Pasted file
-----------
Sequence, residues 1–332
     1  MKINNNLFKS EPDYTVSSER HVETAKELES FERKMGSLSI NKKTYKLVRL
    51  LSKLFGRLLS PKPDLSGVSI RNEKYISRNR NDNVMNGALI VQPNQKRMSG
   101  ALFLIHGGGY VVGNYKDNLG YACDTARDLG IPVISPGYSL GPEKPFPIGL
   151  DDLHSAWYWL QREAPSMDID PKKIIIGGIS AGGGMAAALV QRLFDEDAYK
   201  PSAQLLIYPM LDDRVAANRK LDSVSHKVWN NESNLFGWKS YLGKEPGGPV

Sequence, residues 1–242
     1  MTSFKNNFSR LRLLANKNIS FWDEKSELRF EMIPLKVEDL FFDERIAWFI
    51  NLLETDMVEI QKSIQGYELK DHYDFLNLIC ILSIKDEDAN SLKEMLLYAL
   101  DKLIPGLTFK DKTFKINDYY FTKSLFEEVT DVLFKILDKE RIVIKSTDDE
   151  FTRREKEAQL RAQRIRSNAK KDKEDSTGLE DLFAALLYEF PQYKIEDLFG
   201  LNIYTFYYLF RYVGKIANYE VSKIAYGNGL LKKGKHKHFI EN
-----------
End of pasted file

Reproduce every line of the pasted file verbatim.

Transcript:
Sequence, residues 1–332
     1  MKINNNLFKS EPDYTVSSER HVETAKELES FERKMGSLSI NKKTYKLVRL
    51  LSKLFGRLLS PKPDLSGVSI RNEKYISRNR NDNVMNGALI VQPNQKRMSG
   101  ALFLIHGGGY VVGNYKDNLG YACDTARDLG IPVISPGYSL GPEKPFPIGL
   151  DDLHSAWYWL QREAPSMDID PKKIIIGGIS AGGGMAAALV QRLFDEDAYK
   201  PSAQLLIYPM LDDRVAANRK LDSVSHKVWN NESNLFGWKS YLGKEPGGPV

Sequence, residues 1–242
     1  MTSFKNNFSR LRLLANKNIS FWDEKSELRF EMIPLKVEDL FFDERIAWFI
    51  NLLETDMVEI QKSIQGYELK DHYDFLNLIC ILSIKDEDAN SLKEMLLYAL
   101  DKLIPGLTFK DKTFKINDYY FTKSLFEEVT DVLFKILDKE RIVIKSTDDE
   151  FTRREKEAQL RAQRIRSNAK KDKEDSTGLE DLFAALLYEF PQYKIEDLFG
   201  LNIYTFYYLF RYVGKIANYE VSKIAYGNGL LKKGKHKHFI EN